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HUNTINGTON BEACH, Calif. (AP) — Over the long months that Victoria Mitchell lived in her car with her infant daughter, there was one bright spot in her life: doing laundry.
Every month, Mitchell would trek to a local laundromat and take advantage of Laundry Love, a growing faith-driven movement that helps those who are homeless, or financially struggling by washing their dirty clothes for free.
Amid the comforting routine of fluffing and folding, volunteers befriend their patrons and often find ways to help that go beyond free soap and quarters.
Mitchell, for example, now has a job and place to live after the Laundry Love volunteers pooled their money to help her family rent a starter apartment. They have also watched her daughter Jessica grow from a newborn to a curly-haired toddler.
“You’re not just checking a box to give a donation. You’re spending the whole evening with these people and getting your hands dirty and it’s intimate — you’re doing people’s laundry,” said LuzAnna Figueroa, who volunteers at the group’s Huntington Beach chapter and has grown close to Mitchell and her daughter.
Richard Flory, a religion expert from the University of Southern California who has studied Laundry Love extensively, said Mitchell is just one example of how the organization can profoundly impact people through something as simple as washing their clothes.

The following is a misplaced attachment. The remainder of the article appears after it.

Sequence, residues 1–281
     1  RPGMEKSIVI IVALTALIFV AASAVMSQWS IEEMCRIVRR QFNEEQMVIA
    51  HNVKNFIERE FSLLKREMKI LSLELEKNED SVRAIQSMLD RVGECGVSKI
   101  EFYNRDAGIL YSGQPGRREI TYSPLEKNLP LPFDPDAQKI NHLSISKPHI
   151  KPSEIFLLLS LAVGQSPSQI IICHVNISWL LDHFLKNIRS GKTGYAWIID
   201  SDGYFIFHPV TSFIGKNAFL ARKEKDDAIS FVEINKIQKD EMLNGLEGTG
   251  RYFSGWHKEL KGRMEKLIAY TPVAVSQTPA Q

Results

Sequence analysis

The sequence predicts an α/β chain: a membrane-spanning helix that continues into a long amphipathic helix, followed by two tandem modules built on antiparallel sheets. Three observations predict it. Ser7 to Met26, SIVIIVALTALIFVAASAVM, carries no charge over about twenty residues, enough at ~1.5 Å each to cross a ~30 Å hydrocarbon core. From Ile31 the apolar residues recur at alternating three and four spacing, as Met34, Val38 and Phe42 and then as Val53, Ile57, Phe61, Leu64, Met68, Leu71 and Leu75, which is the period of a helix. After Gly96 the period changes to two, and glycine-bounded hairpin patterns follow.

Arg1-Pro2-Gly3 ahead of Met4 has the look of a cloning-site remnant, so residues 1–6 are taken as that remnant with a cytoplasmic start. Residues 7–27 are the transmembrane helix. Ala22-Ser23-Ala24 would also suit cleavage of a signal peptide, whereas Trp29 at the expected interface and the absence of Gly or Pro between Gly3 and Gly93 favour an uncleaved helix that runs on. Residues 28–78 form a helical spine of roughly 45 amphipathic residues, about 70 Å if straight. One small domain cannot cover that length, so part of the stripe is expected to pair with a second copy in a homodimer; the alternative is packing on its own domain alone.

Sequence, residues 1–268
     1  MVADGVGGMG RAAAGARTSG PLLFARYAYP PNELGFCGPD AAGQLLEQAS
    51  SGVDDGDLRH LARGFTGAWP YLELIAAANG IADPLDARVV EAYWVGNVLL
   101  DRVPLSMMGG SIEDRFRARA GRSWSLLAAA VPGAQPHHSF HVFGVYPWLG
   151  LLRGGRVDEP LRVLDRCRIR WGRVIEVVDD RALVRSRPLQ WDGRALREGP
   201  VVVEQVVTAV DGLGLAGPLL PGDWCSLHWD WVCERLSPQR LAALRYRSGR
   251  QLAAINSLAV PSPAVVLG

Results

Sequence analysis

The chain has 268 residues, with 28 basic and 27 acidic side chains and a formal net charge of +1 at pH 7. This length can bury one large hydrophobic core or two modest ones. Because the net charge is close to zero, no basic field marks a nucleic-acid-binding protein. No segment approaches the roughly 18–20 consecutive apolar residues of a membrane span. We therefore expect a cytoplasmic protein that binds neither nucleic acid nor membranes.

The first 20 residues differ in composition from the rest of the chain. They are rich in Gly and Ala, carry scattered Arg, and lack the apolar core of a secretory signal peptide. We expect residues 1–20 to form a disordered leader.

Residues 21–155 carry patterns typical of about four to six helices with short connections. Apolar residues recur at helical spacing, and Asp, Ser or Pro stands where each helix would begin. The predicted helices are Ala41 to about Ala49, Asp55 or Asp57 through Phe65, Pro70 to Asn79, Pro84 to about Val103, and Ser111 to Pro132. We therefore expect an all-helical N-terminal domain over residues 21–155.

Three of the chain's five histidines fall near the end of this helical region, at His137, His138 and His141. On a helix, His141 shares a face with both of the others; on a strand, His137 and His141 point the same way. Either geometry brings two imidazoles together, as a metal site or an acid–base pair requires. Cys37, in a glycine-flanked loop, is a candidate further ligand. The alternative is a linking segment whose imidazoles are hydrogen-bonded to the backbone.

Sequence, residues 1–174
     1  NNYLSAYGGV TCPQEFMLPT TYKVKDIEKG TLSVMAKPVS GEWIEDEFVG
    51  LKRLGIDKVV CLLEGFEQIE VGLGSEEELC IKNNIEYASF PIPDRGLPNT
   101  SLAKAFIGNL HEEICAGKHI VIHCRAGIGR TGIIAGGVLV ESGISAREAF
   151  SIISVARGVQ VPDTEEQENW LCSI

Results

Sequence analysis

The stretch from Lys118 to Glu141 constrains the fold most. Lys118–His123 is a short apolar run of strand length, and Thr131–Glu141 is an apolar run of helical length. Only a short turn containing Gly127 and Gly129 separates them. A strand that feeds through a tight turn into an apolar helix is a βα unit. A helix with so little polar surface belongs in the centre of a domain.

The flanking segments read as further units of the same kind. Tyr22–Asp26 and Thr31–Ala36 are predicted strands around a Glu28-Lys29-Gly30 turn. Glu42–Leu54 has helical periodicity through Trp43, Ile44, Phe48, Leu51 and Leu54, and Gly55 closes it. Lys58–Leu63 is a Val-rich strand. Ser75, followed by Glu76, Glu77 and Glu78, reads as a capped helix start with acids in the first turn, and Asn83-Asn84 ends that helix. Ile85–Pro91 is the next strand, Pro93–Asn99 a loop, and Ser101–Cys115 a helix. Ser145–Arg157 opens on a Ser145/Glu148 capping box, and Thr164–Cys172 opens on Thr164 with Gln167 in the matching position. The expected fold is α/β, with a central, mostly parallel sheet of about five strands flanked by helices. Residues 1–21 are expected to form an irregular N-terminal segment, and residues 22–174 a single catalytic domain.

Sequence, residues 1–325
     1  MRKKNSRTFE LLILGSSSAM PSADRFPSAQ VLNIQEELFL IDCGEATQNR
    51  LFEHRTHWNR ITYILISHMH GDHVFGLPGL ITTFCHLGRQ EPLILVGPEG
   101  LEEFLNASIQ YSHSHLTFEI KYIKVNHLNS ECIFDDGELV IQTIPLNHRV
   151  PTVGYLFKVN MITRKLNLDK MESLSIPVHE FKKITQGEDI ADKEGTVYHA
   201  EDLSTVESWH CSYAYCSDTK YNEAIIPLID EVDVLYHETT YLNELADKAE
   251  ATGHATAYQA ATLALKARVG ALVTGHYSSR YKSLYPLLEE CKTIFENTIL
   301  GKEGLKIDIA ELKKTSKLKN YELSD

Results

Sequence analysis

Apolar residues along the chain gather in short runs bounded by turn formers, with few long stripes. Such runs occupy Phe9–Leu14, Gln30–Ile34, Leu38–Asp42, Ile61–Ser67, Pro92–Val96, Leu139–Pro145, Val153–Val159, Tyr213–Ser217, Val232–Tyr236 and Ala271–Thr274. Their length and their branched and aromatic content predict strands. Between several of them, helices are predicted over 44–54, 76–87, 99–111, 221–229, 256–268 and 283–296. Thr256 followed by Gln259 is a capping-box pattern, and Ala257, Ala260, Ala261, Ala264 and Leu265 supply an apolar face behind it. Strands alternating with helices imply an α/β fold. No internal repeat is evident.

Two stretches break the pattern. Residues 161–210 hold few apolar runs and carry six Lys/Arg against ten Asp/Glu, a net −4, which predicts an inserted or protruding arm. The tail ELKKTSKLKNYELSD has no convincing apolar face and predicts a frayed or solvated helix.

“It’s an opportunity for people to live out their faith out in a concrete way, in a frankly elegantly simple model where you do something that’s necessary for people who don’t have the means to do it for themselves,” Flory said.
The movement began about 10 years ago with a small Christian church in Ventura, California, and has since spread to more than 100 locations throughout the country to people from all faiths.
Christian Kassoff started the Huntington Beach chapter two years ago with his wife, Shannon. On a recent warm summer night, Kassoff glanced around the laundromat and smiled at the dozens of people who depend on him and the other volunteers for clean laundry each month.
David Clarke, who has been coming to the laundromat for four months after losing his job as an aerospace machinist, estimates he’s saved $200 on laundry in that time, but said he gets a lot more from the washing sessions than savings.
“These people are wonderful people. They want to know what’s going on in your life,” he said. “They really care about you and how you’re doing.”